Monday, October 2, 2017

John Fox Slater Elementary School is an historic structure located in the Truxton Circle neighborhood in Washington, D.C. The two-story brick building was designed by Edward Clark. The structure was completed in 1891. It was listed on the National Register of Historic Places in 2013.

History



source : www.washingtonpost.com

At the time the building was constructed public education in the District of Columbia was segregated by race. Slater was one of several schools for African-Americans along First Street, NW between L and P Streets. The school for was built in 1891 and it was immediately at capacity. The school was named for John Fox Slater (1829-1897), a white industrialist and philanthropist from Rhode Island.

The John Mercer Langston School was built next door to ease the overcrowded conditions at Slater. Both schools were operated independently until the late 1910s when the Slater principal, Anna E. Thompson, became principal of both schools. During this time the schools were referred to jointly as Slater-Langston. Slater was annexed to the Margaret Murray Washington Vocational School one block to the south in 1951. Langston continued as an elementary school and Slater returned for use as an elementary school in 1958. The building, however, became outdated, it deteriorated and it was still overcrowded. It was featured in a 1965 Washington Post article "Moldy Shaw Fed by Even Moldier Schools." The school was closed in 1975 the building became a daycare center and it houses a social service agency.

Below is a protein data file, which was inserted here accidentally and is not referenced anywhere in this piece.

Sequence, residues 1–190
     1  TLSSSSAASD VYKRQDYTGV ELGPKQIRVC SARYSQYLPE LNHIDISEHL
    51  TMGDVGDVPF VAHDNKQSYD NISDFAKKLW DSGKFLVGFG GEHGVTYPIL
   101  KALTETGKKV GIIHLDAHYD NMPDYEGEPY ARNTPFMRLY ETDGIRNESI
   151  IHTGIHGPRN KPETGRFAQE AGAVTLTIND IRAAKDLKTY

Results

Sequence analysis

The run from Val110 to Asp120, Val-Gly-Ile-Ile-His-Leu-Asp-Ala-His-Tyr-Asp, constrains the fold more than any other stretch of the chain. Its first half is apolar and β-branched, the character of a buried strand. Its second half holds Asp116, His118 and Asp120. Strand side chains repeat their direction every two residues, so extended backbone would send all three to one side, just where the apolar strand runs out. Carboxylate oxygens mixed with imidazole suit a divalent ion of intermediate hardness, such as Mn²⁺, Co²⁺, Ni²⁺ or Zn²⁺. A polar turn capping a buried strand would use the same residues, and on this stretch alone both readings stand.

Architecture



source : en.wikipedia.org

Slater Elementary School is a two-story, red brick building that was designed in the Romanesque Revival style. It housed eight classrooms, one for each grade level. The structure features projecting pavilions, gables, towers, and molded brick string courses. Slater is identical to Jackson School in Georgetown that was built for white students in 1889. The only difference between the two buildings was the roof of the corner tower on Slater was covered in tin. The building was designed to fit in with the row houses in the neighborhood. It was designed by Architect of the Capitol Edward Clark.

References



source : www.dayextra.com



source : en.wikipedia.org

 
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